I co-signed a loan and the primary borrower has filed for bankruptcy. What should I do to protect myself?
A co-signer is an individual who is promising to repay a loan in the event the primary borrower defaults. In many cases, having a co-signer on a loan may have been necessary to obtain the loan because the primary borrower’s credit rating was insufficient to qualify on their own, and the co-signer stepped in to assist the primary borrower to obtain financing without considering the long-term ramifications of that decision.
If the primary borrower defaults (or files bankruptcy), the co-signer will be required to pay the loan back. Additionally, unless the co-signer is also a “co-purchaser”, the co-signer is burdened only with the responsibility of repaying the debt and receives none of the benefit of the loan.
Consider the following example: Adam wants to buy a car, but can only qualify for a loan with a co-signer. Betsy agrees to co-sign, but her name is not listed on the title as an owner of the vehicle. Adam files for bankruptcy, and surrenders (gives back the car to the lender) and obtains a discharge of the car loan. Betsy is still legally obligated to repay the unpaid balance of the loan, but does not get title to the car when she finally finishes paying off the car – which now belongs to the bank.
Being a co-signer can be extremely risky,
and if the primary borrower files for bankruptcy, your credit can be affected. However, you can manage the credit damage by doing the following:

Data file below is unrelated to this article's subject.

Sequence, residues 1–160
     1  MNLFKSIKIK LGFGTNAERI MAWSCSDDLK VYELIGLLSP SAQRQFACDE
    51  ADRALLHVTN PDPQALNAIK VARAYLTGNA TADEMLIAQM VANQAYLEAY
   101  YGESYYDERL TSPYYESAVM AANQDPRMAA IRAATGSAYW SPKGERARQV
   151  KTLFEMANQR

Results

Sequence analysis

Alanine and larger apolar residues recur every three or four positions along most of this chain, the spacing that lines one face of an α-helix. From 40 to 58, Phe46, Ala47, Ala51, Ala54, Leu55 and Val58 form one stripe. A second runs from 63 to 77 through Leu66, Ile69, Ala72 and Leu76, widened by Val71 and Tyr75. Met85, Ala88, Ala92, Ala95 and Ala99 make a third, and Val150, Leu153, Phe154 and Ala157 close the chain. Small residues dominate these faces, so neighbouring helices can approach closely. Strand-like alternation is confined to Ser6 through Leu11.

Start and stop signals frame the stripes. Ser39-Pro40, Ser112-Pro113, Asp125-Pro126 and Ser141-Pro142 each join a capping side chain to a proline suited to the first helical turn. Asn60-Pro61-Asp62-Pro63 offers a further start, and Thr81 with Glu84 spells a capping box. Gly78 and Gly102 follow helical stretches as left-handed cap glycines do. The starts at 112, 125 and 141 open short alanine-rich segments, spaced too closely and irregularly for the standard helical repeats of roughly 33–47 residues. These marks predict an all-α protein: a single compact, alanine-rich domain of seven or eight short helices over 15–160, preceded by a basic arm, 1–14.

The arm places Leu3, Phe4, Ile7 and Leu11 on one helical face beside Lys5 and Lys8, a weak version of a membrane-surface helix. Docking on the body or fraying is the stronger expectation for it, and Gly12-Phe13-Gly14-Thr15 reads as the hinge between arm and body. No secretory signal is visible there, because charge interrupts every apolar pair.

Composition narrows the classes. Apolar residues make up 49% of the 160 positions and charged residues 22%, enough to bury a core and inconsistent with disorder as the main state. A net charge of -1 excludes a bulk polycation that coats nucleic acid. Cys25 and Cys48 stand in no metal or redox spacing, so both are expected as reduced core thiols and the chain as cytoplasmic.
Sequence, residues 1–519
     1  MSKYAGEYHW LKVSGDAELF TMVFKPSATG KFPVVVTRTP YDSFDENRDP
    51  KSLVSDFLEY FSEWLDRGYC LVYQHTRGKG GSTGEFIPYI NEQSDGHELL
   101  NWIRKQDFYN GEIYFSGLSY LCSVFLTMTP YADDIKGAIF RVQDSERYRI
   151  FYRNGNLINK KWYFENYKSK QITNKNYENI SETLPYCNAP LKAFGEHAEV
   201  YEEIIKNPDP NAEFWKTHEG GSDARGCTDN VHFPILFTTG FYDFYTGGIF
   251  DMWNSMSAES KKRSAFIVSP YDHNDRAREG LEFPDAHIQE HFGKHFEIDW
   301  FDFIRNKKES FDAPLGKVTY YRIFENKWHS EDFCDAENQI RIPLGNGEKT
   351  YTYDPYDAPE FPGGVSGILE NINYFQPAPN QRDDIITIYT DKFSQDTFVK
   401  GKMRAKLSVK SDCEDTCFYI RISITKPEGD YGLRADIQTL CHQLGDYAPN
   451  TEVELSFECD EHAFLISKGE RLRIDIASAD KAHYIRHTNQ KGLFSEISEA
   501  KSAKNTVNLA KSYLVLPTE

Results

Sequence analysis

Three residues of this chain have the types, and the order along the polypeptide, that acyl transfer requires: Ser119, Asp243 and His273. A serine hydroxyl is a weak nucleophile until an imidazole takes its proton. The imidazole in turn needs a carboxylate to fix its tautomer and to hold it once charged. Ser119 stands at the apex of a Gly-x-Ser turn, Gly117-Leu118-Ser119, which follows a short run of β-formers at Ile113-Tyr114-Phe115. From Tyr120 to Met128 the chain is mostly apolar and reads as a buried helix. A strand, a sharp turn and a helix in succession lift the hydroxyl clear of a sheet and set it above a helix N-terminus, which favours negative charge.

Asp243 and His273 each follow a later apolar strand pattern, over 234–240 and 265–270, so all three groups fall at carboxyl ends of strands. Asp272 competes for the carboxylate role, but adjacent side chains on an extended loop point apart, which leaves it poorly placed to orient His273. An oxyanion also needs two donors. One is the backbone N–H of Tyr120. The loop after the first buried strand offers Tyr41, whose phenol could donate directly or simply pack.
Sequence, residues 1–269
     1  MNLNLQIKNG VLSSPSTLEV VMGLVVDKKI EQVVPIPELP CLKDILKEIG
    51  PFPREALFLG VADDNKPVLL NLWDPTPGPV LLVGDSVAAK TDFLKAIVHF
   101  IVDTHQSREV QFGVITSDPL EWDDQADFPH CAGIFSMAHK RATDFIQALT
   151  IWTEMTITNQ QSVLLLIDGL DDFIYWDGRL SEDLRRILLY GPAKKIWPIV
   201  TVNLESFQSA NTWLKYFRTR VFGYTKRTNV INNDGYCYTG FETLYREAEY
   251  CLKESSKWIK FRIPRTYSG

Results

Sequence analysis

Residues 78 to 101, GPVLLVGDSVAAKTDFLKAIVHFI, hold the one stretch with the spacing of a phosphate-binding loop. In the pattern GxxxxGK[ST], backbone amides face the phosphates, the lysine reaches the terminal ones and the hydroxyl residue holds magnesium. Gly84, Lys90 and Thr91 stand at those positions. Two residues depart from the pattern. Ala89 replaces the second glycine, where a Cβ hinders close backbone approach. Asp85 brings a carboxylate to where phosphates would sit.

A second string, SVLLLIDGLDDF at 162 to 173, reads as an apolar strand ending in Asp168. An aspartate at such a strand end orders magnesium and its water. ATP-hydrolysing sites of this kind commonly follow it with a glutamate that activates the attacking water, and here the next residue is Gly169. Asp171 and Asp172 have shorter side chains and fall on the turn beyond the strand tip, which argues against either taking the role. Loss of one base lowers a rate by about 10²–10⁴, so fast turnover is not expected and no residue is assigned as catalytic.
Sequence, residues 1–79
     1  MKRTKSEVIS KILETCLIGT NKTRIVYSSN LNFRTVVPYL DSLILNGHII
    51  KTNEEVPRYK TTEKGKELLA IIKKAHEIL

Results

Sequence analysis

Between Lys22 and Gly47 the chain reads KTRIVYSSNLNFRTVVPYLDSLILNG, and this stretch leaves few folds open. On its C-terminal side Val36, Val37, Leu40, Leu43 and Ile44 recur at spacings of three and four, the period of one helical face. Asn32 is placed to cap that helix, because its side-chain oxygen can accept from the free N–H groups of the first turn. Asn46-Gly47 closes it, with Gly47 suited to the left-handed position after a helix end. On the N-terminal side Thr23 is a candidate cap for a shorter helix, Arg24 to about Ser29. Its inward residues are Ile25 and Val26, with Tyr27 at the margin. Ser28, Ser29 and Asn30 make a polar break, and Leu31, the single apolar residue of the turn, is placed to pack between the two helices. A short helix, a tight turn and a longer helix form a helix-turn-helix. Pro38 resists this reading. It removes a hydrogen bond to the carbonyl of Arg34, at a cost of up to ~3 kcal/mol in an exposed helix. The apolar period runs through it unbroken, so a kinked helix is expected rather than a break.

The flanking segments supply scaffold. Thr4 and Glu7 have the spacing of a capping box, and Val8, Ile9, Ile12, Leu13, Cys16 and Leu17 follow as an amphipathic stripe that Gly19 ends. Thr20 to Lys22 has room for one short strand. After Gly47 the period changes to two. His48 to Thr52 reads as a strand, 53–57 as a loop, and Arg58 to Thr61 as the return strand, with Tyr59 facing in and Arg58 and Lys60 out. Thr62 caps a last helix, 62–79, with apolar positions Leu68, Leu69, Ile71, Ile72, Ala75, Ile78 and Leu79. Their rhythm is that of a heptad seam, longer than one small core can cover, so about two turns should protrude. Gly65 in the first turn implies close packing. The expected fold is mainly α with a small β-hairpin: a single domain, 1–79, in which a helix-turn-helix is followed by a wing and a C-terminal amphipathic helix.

1. Determine whether the primary borrower intends to reaffirm the debt in bankruptcy court, (i.e. keep the car and continue paying the loan), or will surrender it back to the lender.
2. If the primary borrower is going to reaffirm the vehicle, ensure that they keep the payments current through bankruptcy, and sign the reaffirmation agreement.
3. If the primary borrower is not intending to reaffirm, or has already lost the vehicle due to repossession, the only way to protect your credit is to repay the loan pursuant to the terms of the agreement
4. Be aware that many loans include an acceleration clause, meaning that if one of the borrowers files bankruptcy, the entire balance of the loan is due. If the lender exercises their right to accelerate the loan, the co-signer may not be able to make regular monthly payments.
Remember, the decision to co-sign a loan is often made out of a desire to help a friend or family member, but it comes with significant legal consequences if they fail to repay. Consider any request to co-sign a loan carefully, and if the primary borrower files for bankruptcy. it may be worth your while to reach out to a bankruptcy attorney to better understand your options and obligations regarding the loan.